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Notes on Meditating in My Bedroom

by Carlo Alcos Dec 9, 2010
I had a choice: television or meditation. I chose the harder one.

IT’S SILENT IN MY ROOM and pitch black outside, even though it’s only 4:30 PM. Lying on my bed, the sole sound is from the chafing of my restless, socked feet rubbing against each other. I’ve already played some guitar. I don’t feel like reading. I’m trying to take a break from the computer. My first instinct is to get up, walk over to the living room, and flick on the television. I think of all the other times I’ve done just that. And I think of other people doing just that.

Then I think how easy that is. How easy a distraction it is. Distraction from what? Distraction from myself, my brain answers me. I’m having a moment.

It’s getting uncomfortable, like if-I-were-wearing-a-collared-shirt-I’d-be-tugging-at-the-collar uncomfortable. If I stay with my current train of thought I could slip into somewhere I don’t really want to go. I decide now would be a good time to meditate.

I turn the lights off and close the lid on my laptop. I light a candle and sit in a chair, facing the small flame. I try to ground myself, make my foundation heavy. I lengthen my upper body and try to lighten it as much as I can. With hands in lap, I focus on the flame and start paying attention to my breathing. It goes in and out of my nostrils (as one might expect it to do). I have a song on repeat that is playing in my head. It doesn’t seem to want to turn off. I take note.

My feet are cold. My thoughts race to the laptop; ironically they are thoughts about what I am writing right now. I wonder if I will remember what I’m thinking at the end of my meditation session; I really want to get this stuff down. I catch myself thinking all this, then I re-focus on my breath. The song is gone, but it’s been replaced by another. I guess the jukebox just changed records. I always have a song in my head.

The candle flame starts to dance violently. It’s flickering like a strobe light, casting crazy shadows on the wall behind. I briefly wonder if I could have an epileptic seizure from it. I’m not epileptic, but I close my eyes anyway, just in case. I’m now inside myself. I notice I’ve begun to hunch a little, my lower back rounding. I take a deep breath in and rise my torso skyward. Back to the breath.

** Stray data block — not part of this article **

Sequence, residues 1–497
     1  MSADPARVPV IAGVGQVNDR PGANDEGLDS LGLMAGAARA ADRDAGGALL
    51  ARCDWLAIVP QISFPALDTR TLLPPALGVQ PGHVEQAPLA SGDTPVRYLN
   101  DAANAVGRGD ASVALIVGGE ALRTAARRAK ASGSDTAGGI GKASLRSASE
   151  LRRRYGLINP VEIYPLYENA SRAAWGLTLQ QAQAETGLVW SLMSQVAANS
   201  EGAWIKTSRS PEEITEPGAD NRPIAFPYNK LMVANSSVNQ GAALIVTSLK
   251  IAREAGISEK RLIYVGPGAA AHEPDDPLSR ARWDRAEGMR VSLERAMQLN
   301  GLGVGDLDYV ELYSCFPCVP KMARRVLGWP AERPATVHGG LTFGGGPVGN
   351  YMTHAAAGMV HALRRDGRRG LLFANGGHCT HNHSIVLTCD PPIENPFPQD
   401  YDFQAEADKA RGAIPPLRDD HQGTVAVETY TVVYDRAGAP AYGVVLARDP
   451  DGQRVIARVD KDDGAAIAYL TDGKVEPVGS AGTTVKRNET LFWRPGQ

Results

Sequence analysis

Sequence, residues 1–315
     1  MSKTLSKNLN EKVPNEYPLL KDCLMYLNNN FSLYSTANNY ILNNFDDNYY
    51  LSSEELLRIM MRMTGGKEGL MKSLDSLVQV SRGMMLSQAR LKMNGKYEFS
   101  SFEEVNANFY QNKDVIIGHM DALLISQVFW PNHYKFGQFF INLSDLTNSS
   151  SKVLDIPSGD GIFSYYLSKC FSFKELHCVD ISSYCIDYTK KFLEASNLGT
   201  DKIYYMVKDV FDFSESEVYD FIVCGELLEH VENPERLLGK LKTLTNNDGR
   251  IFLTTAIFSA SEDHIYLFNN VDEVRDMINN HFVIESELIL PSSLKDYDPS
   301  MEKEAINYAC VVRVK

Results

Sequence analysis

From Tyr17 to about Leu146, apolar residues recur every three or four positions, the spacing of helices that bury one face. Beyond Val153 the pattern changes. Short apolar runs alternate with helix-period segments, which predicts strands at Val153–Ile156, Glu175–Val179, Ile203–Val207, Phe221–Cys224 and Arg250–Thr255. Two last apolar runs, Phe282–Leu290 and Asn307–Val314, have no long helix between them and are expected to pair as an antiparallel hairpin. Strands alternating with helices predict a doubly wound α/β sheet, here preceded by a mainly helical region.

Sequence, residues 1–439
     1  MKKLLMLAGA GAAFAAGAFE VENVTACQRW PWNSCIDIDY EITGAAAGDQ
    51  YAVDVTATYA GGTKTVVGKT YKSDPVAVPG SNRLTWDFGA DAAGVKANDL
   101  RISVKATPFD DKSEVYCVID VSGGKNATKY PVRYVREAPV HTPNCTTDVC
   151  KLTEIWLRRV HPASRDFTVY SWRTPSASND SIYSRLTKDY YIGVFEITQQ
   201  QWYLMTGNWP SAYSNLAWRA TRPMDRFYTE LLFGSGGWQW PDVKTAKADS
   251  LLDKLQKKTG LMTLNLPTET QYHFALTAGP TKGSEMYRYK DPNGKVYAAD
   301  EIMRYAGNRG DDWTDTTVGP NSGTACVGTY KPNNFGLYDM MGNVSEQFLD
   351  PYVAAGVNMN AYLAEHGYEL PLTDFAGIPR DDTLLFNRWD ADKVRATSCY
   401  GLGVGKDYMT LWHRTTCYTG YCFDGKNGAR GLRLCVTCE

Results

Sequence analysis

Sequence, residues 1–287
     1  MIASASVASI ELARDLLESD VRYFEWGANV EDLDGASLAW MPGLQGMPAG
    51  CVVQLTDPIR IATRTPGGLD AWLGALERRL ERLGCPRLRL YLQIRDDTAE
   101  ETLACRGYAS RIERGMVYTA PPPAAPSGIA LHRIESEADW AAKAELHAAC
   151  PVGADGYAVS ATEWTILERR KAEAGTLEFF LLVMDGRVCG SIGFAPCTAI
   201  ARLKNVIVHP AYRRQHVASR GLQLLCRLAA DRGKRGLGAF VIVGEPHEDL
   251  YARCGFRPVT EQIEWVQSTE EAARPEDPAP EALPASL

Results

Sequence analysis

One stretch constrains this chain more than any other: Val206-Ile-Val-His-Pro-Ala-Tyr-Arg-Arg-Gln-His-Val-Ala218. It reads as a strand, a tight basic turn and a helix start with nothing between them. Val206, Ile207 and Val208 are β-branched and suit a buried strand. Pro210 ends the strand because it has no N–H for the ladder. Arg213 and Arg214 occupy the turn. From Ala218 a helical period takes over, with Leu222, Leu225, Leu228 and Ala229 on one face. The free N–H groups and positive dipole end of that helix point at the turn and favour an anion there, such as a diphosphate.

After what seems like an eternity, with seemingly nothing accomplished, it feels like I’m starting to settle in. I can always tell when I’m “entering the zone” because everything feels really heavy, yet light at the same time. As fast as I think this, it’s gone. It’s like that quote about happiness:

Ask yourself whether you are happy and you cease to be so. ~ John Stuart Mill

Ask yourself whether you are meditating, and you cease to be meditating. I don’t know if that’s true or not, but in any case it’s got me thinking again. The thoughts race in and out of my head. I remember what I’ve been told many times: simply acknowledge the thought, then let it go; imagine the thoughts as bubbles in water, floating up; don’t judge, just be present. Bring yourself back to the breath. Always back to the breath.

I’m back in the zone when the timer on my cell phone goes off. I don’t know if it’s a good idea to time my sessions or not, but I figure if I don’t I will probably give up too early. This way I know I will have to sit in all my uncomfortableness for at least 20 minutes. I should probably start expanding that to 30 minutes and daily but the commitment, I think, freaks me out.

This is why it’s called meditation practice.

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